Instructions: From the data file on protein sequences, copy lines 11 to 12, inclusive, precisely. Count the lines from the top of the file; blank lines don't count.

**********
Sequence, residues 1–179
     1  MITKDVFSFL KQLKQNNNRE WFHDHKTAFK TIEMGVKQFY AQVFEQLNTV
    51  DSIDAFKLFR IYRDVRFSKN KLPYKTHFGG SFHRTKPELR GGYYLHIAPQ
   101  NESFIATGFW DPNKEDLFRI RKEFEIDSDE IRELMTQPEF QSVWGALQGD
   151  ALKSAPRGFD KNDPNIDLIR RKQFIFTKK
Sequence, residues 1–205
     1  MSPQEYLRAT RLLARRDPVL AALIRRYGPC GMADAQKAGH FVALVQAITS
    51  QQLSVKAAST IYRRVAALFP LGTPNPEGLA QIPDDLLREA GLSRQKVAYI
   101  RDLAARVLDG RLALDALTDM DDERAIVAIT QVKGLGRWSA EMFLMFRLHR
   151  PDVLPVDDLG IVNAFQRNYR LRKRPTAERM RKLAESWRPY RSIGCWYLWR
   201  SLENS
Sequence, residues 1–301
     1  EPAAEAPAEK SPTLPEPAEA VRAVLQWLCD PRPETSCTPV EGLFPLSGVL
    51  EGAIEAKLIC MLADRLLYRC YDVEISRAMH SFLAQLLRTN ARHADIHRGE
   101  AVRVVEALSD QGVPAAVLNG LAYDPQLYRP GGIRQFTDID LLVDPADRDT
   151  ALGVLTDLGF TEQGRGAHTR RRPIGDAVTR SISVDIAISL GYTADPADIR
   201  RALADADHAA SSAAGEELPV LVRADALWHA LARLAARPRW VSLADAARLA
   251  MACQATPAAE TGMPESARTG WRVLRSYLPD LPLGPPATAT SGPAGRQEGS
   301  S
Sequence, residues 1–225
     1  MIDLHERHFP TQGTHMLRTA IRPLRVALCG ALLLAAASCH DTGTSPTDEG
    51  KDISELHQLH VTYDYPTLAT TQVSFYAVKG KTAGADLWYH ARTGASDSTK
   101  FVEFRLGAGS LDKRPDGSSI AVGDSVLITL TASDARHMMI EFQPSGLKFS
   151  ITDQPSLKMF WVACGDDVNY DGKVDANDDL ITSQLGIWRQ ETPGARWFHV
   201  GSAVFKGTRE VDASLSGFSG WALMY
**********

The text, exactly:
   201  SLENS
Sequence, residues 1–301